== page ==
World Meeting of Families: ‘Domestic violence affects millions of Catholic families’

By Devin Watkins, 28 August 2022
Dr. Christauria Welland and her husband Michael Akong at the 10th World Meeting of Families in Rome. Image: Vatican News


At the World Meeting of Families in June, Dr. Christauria Welland described the lifelong harm that comes from domestic violence, and says the Church must respond to this reality in order to help form healthy families.

Around 125 million Catholic women may endure physical or sexual violence at least once in their lifetime.

Dr. Christauria Welland offered that estimate based on statistics that about 30 per cent of women worldwide have been victims of domestic violence.

The US-based clinical psychologist and catechist told participants in the 10th World Meeting of Families in Rome that the pandemic has worsened the situation of domestic violence, often due to heightened stress.

Violence in the family, she noted, includes physical aggression, sexual coercion, and psychological or economic abuse, all of which violate God’s plan for the family, which is for the smallest unit of society to be a place of love and communion.

Does God still love me?

On the sidelines of the event in the Vatican’s Paul VI Hall, Dr. Welland told Fr. Benedict Mayaki that these terrible statistics should urge the Church to help victims of domestic violence to become survivors.

“Fortunately, the Church is much more aware of domestic violence, especially since Pope Francis’ pontificate began,” she said, adding that many dioceses and parishes are beginning to offer help for victims.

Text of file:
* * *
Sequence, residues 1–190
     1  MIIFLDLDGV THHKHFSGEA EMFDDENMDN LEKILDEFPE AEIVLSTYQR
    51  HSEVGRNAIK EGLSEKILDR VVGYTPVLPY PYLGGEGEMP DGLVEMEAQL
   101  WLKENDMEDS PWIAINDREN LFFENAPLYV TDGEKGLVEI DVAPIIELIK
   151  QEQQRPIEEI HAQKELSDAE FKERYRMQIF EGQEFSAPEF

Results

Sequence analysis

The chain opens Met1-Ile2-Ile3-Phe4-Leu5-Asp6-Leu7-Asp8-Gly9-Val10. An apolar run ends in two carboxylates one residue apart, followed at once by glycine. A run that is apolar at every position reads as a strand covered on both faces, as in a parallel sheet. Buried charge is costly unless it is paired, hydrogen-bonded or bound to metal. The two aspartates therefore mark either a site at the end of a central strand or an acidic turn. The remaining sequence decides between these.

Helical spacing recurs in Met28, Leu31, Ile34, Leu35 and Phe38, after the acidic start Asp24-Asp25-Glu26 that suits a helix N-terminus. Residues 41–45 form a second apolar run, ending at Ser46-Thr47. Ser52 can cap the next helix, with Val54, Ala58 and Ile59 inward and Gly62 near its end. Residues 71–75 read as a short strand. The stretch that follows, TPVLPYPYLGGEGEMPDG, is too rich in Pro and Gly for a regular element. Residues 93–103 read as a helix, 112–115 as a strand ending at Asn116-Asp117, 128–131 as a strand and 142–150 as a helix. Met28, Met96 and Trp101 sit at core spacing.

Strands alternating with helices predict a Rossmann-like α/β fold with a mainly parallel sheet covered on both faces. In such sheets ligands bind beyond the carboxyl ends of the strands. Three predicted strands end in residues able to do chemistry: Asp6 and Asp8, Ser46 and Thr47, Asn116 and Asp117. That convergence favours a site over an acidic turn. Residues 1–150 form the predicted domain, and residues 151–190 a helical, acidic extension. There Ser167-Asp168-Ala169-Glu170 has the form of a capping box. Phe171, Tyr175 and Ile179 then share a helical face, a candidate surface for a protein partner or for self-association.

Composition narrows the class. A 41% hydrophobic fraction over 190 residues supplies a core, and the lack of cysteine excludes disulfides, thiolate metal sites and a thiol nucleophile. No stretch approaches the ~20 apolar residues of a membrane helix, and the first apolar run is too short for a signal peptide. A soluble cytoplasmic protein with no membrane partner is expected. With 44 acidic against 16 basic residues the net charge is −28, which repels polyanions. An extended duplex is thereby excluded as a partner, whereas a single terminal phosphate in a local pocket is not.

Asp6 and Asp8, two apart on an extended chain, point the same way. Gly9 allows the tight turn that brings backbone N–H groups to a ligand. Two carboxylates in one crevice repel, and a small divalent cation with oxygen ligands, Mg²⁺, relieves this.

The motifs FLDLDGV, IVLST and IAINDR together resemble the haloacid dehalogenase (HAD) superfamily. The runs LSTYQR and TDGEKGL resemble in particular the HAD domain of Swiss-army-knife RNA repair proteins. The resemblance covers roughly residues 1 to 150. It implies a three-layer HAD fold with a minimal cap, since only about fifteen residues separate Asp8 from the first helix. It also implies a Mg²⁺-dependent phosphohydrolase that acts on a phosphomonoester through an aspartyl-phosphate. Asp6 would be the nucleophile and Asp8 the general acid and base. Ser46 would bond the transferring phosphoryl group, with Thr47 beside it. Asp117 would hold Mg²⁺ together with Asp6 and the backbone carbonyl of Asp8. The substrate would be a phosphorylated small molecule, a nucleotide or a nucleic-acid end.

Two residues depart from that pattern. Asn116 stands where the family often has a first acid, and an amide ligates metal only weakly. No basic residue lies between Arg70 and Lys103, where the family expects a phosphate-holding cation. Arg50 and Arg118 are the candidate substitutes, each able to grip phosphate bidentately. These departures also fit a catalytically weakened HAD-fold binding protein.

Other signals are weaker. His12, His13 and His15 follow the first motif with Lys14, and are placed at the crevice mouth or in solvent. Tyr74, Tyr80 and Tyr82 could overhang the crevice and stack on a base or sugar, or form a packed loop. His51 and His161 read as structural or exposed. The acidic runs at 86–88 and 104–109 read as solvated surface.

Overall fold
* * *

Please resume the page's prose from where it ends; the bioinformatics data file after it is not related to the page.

And her message for victims of domestic violence?

“I want all victims to know that God loves them. I want them to know that they can become a survivor. It takes time and work. You can’t do it alone. You need God. You need other people to help you.”

What can priests do for victims?

Noting that priests are often the first person to whom victims turn, Dr. Welland called for the Church to offer better training for priests to help them deal with this situation.

“With domestic violence, you can’t just make the sign of the cross over someone and say, ‘Well, you have to forgive and forget, so go home and carry your cross’,” said Dr. Welland. “I have heard many people tell victims that, but they don’t know what they are saying.”

The first step priests can take is to believe the person, even though the temptation is to trust outward appearances, since the priest may know the husband who appears to be a good guy.

Priests then need to have a plan in place to find immediate shelter for victims of domestic violence, which may be a family who has offered to provide a confidential and temporary residence.

Another step is to call emergency services, perhaps a special hotline dedicated to domestic violence.

What leads someone to become an abuser?

One of the main risk factors that lead people to abuse others is growing up in an abusive home, according to Dr. Welland.

“If you live in a family where there’s a history of domestic violence — what we call intergenerational transmission in families, where there’s there has been violence in previous generations — I call that somebody crossing the line. And that line is being crossed, and it just continues to be crossed because there’s nothing to stop it.”

The amount of violence in the surrounding culture can also contribute as well to someone becoming violent toward others.

An abusive spouse or father is responsible for what they do, said Dr. Welland, but the Church’s ministers must also care for them.

“He’s also a human being. God also loves him,” she said. “We need to get to work because our families will never be healthy as long as we have abuse occurring in them.”

Catholic teaching, she concluded, reminds us that men and women are equal in dignity, and everyone in the Church has a role to play in responding to domestic abuse, from Bishops to priests to lay Catholics.

With thanks to Vatican News and Devin Watkins, where this article originally appeared.


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